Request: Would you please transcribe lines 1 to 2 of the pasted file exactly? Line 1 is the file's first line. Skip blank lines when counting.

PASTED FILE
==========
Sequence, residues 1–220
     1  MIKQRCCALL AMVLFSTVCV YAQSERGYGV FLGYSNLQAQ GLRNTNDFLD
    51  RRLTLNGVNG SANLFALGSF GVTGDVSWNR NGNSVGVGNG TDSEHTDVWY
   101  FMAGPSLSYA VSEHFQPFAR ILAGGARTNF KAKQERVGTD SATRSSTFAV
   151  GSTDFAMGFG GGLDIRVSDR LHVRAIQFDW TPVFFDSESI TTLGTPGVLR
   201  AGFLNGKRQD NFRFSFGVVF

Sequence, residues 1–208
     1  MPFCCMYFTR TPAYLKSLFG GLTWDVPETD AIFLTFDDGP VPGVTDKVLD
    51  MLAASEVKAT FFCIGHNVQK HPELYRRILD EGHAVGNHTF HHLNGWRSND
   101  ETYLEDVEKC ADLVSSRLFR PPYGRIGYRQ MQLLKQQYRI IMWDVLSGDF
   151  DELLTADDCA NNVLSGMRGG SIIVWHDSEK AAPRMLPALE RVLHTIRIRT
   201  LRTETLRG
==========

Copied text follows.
Sequence, residues 1–220
     1  MIKQRCCALL AMVLFSTVCV YAQSERGYGV FLGYSNLQAQ GLRNTNDFLD